Oversight

Little progress on IT governance, says NASA IG

NASA headquarters 

NASA's Washington, D.C., headquarters.

In 2013 NASA was told to tighten up its IT governance policies and give its CIO greater visibility into IT spending and acquisition decisions. Four years later, an inspector general report cites little progress and wonders whether the agency can effectively oversee its IT assets.

IG reports have consistently found a disorganized IT hierarchy in which the agency CIO lacks visibility into IT spending and acquisition decisions. The lack of progress in addressing these issues over the years casts "doubt on the [CIO] office's ability to effectively oversee the Agency’s IT assets," according to the report.

Auditors have continually zeroed in on the powers and authorities held by NASA's four mission directorates and 11 centers as one of the chief causes of the disorganization. While the CIO and senior agency information security officer (SAISO) are two of the top IT executives within the agency, neither appear to have direct authority over critical staff and decisions made below them. 

Despite setting up an annual capital investment review process in 2016 to track the agency's $1.4 billion in annual IT spending, the OCIO only controls about one-fourth of that budget, with the rest being spent by mission directorates and centers. This has led to more than 30 separate definitions of "information technology" within the agency and inaccurate reporting around total IT spending.

One issue at the space agency is negotiating between the advanced computing equipment needed for aeronautics research and for operating and collecting data from interplanetary space missions  and the commodity IT and software used to administer the agency.

NASA's reply comments, signed by Pamela Hanes, the acting deputy CIO, take note of this delicate balance.

"NASA is an agency focused on the success of complex space, science, exploration and aeronautics missions. The IT landscape necessary to accomplish NASA's missions is also complex and tightly integrated within a variety of mission products and capabilities. Recognition of this complexity has guided the approach and pace at which OCIO can move forward toward the ultimate goal of managing IT at NASA as a strategic resource," Hanes wrote.

Similarly, while the SAISO is charged with overseeing IT security across NASA, mission directorates and centers manage the security for hundreds of networks and have their own staff and personnel who do not report to the agency’s top security executive.

After the 2013 audit, NASA brought in Forrester Research to examine the agency's IT organization structure and culture. According to its audit, Forrester found a number of cultural barriers contributing to the problem, including a fear of centralization as well as a lack of confidence in OCIO and individual centers and program managers.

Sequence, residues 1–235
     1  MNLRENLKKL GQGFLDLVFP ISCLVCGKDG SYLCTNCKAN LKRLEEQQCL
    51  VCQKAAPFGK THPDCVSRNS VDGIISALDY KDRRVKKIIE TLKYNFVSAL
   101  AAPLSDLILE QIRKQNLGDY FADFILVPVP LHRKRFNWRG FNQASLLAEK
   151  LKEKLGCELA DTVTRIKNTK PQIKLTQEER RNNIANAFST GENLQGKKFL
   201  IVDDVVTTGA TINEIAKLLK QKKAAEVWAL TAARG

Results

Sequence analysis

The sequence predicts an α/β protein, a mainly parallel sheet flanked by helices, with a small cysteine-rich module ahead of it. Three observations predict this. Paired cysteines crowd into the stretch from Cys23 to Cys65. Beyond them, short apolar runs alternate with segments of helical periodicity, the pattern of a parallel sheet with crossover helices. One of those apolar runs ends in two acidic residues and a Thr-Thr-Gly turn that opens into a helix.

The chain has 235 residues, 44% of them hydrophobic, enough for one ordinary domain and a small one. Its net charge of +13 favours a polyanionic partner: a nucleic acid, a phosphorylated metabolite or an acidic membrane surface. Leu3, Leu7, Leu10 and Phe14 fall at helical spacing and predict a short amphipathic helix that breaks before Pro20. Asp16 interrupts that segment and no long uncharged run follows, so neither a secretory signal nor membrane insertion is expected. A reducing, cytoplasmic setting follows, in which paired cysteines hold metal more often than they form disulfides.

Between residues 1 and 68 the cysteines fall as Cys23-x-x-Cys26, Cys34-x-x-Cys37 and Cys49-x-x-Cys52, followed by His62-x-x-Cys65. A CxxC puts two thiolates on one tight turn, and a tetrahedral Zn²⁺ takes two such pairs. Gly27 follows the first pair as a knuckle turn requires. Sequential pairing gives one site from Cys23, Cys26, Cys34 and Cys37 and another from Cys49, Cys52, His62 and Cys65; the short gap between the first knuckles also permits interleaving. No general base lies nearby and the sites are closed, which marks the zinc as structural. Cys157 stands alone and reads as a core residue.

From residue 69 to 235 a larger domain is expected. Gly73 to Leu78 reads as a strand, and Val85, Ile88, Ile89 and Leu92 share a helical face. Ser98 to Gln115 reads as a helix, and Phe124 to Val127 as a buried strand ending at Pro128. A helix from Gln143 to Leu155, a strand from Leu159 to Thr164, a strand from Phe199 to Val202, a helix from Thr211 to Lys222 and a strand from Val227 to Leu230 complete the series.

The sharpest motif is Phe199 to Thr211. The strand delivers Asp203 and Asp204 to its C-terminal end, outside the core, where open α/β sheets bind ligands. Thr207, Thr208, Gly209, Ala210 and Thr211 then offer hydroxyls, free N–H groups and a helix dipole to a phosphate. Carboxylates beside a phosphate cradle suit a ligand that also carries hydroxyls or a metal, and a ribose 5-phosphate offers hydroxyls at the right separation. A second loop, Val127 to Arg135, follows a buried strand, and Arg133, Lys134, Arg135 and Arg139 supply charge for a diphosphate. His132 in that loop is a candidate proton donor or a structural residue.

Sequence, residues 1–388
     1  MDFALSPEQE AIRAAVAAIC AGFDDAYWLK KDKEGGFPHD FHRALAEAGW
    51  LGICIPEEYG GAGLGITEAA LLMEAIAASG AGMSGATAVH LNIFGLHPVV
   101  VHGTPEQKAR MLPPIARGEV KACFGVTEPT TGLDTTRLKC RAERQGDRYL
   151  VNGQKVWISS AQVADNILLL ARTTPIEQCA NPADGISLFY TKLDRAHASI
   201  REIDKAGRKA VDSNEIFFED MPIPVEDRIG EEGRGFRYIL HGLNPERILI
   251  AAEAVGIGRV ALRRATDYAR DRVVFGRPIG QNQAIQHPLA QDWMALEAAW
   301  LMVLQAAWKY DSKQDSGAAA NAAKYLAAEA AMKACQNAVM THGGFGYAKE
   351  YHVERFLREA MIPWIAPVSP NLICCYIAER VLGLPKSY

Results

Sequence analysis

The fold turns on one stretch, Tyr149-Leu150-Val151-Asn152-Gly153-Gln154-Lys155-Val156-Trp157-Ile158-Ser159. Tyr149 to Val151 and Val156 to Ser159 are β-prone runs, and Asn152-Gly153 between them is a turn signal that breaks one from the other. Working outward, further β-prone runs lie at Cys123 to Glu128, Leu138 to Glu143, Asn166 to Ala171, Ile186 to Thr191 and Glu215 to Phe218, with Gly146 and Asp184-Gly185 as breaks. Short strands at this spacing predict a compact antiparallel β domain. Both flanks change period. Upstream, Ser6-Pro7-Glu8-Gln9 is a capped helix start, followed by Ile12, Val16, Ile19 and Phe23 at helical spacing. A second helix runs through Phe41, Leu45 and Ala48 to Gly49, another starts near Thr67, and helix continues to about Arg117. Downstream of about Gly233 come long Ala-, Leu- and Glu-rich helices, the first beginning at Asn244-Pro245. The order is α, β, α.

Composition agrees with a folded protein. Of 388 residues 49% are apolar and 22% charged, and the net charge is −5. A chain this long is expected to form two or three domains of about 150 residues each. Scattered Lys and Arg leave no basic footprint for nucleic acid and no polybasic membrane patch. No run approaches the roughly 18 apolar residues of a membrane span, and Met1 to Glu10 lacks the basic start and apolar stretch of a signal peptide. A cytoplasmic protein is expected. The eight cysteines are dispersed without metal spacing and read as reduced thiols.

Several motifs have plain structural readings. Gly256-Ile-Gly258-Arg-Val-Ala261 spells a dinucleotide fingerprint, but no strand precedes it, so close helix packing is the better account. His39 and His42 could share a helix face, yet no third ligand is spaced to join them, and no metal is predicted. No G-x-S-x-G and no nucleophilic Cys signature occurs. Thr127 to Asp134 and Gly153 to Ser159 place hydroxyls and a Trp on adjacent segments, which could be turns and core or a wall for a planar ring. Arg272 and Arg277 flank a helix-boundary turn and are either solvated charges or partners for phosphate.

A follow-up report by the consultant in 2016 documented perceptions among NASA staff that OCIO was risk-averse and unwilling to stand behind its decisions, causing significant damage to the office's credibility within the agency.

While the agency set up three separate governance boards in response to the 2013 audit to better coordinate IT decision-making, this has apparently only added to the confusion. A survey of IT officials at the agency "found the governance structure immature, unstable, and difficult to understand," while half of center CISOs were "confused by the new board structure, specifically regarding the role of IT security within the agency's IT framework."

NASA partially agreed with a few of the IG recommendations on centralizing authority, but it pushed back against the idea of giving the agency CIO and SAISO the kind role envisioned by the agency watchdog. NASA also indicated that some of the security issues identified in the IG report will be offset by the rollout of phase one of the Continuous Diagnostics and Mitigation program at NASA, set for completion by June 30 of next year.

About the Author

Derek B. Johnson is a staff writer at FCW, covering governmentwide IT policy, cybersecurity and a range of other federal technology issues.

Prior to joining FCW, Johnson was a freelance technology journalist. His work has appeared in The Washington Post, GoodCall News, Foreign Policy Journal, Washington Technology, Elevation DC, Connection Newspapers and The Maryland Gazette.

Johnson has a Bachelor's degree in journalism from Hofstra University and a Master's degree in public policy from George Mason University. He can be contacted at djohnson@fcw.com, or follow him on Twitter @derekdoestech.

Click here for previous articles by Johnson.


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